But the westward position is capable of an ultra-protestant and anti-catholic as well as a Romeward slant. Protestantism rejected the ministerial, mediatorial priesthood while retaining the representative aspect of the ministry, so that in most protestant Communions the process of ordination is thought of as commissioning by the Church only and not as consecration to any priestly office or the conferring of character. The historical result was that preaching became the normal act of protestant worship and this act, of course, requires facing the people. Ministers continued to face the people as they prayed, creating the impression, if one analyzes it, that they were not praying for the people as one of them but rather to them or at them. Viewed from the protestant perspective, a priest facing the people and saying the eucharistic prayer of consecration is not so much offering a prayer on their behalf or offering to God their sacrifices as he is performing the visible and outward acts in imitation of our Lord’s Last Supper as a special for them to behold. For them to see him break the bread is apparently more important than the fact that he is offering their sacrifices to God as one of them. It almost appears that he is offering their gifts of bread and wine to them instead of to God and is reciting the prayer of consecration to them or at them as one of them and on their behalf to the Heavenly Father.

The westward position, then, is susceptible to either extreme Roman or extreme protestant interpretation, and negates the Anglican understanding of what the priest is doing in celebrating the Holy Eucharist. The eastward position, on the other hand, emphasizes the dual movement of priesthood in the eucharistic action.

In still another respect the eastward position emphasizes with far greater clarity what the westward position is supposed to bring about. The unity of priesthood and laity in the Body of Christ and the priesthood of all believers is supposedly brought out by the westward position but is in fact denied. In the eastward position priest and people stand on the same side of the altar, and the fact that they are sinners together seeking reconciliation, and that the laity have a ministry with the priest as their spokesman, is made plain. In the westward position, on the other hand, the altar stands as a barrier between priest and people and the priest is placed as somehow apart from them, and the fact that the altar looms up between them is an implicit denial of the priesthood of the laity. From the standpoint of the meaning of worship the eastward position is far superior in  that priest and people worship together, their identity being emphasized by facing the same way, whereas in the westward position the priest appears as a schoolmaster, a lecturer, and a presiding officer, somehow set over and above the people. Eucharistic worship is a common action, and a lecture, schoolroom, or business meeting orientation of the priest vis-à-vis the people is a denial of its corporate aspect.

And then, of course, there is the matter of aesthetics. A priest standing behind the altar is somehow reminiscent of a merchant behind the counter hawking his wares. Someone has said that the priest appears to be auctioning off the candlesticks. It may sound irreverent, but a priest behind the altar fussing with cups of wine and a plate of bread always makes me think of a bartender standing up behind his bar setting up the drinks.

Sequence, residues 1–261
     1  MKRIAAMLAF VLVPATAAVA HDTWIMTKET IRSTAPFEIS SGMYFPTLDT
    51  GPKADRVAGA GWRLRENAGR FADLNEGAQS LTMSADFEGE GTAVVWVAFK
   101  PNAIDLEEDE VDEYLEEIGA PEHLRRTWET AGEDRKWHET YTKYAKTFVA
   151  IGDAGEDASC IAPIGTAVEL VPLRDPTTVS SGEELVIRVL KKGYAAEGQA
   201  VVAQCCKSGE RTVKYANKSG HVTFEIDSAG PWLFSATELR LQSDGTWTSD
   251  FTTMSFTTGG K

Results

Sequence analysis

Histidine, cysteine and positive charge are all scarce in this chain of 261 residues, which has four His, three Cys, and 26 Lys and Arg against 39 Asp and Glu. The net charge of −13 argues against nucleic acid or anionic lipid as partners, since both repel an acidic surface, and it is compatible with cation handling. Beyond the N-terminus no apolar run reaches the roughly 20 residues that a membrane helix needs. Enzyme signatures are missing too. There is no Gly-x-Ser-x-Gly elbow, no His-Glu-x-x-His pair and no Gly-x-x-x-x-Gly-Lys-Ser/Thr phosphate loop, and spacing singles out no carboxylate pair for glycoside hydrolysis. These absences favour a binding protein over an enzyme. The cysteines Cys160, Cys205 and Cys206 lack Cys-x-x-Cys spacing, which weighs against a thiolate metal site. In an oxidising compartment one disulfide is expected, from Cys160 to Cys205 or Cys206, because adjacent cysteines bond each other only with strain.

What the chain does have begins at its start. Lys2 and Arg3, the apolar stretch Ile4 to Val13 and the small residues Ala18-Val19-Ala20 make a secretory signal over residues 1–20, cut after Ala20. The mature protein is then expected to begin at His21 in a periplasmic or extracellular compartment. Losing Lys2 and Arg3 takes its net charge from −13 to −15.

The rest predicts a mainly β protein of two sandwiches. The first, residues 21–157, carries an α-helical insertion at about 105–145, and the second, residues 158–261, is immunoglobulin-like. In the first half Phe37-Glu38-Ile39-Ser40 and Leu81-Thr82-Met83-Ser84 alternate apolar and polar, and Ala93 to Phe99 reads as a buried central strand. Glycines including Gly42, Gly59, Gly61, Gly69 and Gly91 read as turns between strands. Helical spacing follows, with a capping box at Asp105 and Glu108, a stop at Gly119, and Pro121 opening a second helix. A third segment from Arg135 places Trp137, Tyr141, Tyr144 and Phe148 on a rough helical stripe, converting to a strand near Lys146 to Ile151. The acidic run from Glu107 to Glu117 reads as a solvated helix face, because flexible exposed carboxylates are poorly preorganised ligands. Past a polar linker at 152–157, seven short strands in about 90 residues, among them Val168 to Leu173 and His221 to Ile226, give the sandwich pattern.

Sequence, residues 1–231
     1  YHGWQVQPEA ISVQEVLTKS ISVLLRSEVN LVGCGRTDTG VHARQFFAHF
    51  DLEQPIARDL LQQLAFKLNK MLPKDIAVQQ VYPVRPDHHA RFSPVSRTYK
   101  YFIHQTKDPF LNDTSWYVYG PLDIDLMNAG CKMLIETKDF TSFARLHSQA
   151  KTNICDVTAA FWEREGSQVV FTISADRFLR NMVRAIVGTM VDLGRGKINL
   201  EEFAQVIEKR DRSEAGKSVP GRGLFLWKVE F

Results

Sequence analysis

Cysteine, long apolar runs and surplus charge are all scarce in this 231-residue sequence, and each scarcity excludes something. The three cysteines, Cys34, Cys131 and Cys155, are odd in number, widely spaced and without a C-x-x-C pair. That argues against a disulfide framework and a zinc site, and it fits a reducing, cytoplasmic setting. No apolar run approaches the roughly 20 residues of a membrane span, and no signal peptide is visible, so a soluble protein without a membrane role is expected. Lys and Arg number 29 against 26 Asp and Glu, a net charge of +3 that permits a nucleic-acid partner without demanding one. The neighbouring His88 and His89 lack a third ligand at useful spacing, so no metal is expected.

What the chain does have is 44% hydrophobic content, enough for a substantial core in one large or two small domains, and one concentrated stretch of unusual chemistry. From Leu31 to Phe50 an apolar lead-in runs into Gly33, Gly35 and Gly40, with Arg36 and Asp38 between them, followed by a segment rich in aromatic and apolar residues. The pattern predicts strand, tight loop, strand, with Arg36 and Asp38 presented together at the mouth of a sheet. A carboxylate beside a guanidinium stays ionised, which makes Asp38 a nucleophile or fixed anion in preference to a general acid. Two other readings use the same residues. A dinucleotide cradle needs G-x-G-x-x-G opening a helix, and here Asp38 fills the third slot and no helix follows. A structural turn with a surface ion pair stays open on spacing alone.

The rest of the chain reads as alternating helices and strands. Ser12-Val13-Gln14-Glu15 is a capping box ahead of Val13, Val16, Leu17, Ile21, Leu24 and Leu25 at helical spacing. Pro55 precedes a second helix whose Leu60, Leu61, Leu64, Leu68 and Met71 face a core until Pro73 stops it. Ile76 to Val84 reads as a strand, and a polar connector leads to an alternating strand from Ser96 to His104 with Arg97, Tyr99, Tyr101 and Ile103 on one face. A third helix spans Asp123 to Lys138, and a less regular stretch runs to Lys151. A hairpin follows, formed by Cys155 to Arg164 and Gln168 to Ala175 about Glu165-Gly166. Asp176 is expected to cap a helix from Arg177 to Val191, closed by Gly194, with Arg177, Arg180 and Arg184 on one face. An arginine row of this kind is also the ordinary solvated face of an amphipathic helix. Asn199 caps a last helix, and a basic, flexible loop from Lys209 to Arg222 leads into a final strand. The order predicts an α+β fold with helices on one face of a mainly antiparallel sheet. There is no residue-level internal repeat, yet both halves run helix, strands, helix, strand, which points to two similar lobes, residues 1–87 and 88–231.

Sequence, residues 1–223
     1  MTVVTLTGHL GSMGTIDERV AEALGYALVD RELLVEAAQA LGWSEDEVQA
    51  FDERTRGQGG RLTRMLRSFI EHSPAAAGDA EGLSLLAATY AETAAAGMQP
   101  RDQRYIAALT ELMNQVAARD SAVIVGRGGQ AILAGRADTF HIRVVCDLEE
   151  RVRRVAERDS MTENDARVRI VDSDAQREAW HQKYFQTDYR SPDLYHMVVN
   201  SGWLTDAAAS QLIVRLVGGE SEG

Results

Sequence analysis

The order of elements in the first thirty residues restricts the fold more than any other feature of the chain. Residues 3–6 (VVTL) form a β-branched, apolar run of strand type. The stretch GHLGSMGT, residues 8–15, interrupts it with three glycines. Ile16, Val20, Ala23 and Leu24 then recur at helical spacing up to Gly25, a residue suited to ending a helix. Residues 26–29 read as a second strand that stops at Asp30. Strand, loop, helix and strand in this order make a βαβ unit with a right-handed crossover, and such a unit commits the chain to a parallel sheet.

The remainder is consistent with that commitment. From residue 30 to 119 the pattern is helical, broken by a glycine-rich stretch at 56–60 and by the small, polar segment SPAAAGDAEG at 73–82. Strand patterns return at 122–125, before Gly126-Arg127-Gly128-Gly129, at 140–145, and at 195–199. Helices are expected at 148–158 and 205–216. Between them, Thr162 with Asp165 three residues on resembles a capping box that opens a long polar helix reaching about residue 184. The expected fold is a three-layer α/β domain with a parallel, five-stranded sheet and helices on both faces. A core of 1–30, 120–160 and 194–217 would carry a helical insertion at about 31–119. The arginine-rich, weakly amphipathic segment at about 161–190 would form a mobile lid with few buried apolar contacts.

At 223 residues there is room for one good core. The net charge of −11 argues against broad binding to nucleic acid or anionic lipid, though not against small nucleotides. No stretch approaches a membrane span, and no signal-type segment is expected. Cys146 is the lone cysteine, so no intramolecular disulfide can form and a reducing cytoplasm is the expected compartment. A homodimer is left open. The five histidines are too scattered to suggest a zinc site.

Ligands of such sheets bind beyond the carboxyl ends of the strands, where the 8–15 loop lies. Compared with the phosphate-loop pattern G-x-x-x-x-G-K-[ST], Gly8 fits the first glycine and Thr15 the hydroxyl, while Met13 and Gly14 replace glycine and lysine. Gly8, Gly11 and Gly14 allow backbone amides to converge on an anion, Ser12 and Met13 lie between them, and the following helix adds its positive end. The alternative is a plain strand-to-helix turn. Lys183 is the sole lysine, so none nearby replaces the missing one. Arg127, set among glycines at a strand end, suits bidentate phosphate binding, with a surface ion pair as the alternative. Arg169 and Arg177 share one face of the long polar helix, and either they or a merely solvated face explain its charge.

We should, I believe, give the rationale, theological implications, and even the aesthetics of the eastward position careful study before generally abandoning this practice for the latest thing they are doing in the Church of Rome.


[1] Vicar of St. Columba’s Church, Inverness, California. The Living Church, April 28, 1968, pp. 2-3.

[2]  Editor’s note: this is no longer considered a clear point.

About The Author

The Rev. Dr. Zachary Guiliano is chaplain and career development research fellow at St Edmund Hall, Oxford. 

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One Response

  1. Fr Phillip Ayers

    Interesting article, this! At first, I thought it might be a rationale for reviving the “eastward” position for the Presider at Mass. But I saw that it was written in 1968! How well I remember those days: I was in seminary then (Berkeley/New Haven) and we always had a “west-facing” Eucharist in our stark, but beautiful, chapel, a former stable. Fieldwork parishes we worked in often had altars up against the “east” wall and we were taught in our senior “Mass Class” to be ready for anything when we were new curates (I turned out to be a rector): east, west, even north end (if visiting in England in Evangelical parishes). Later, I served two parishes, each one practicing all the identifying marks of the “Liturgical Movement” a la Associated Parishes. Neither one had a free-standing altar but I laid the groundwork in each one to change that and left it up to my successor(s) to do it. While I missed celebrating from the “west”, I realized that we – congregation and I – were sort of on a bus: I was the driver of the bus, and they were passengers. Not a very useful or sound analogy, but it brought to mind the possibility that, maybe, “old is good.” Thank you for publishing this as it gets my synapses going in my dotage, helps me to recall “the old days,” but makes me glad I’m where I am now, in 2016!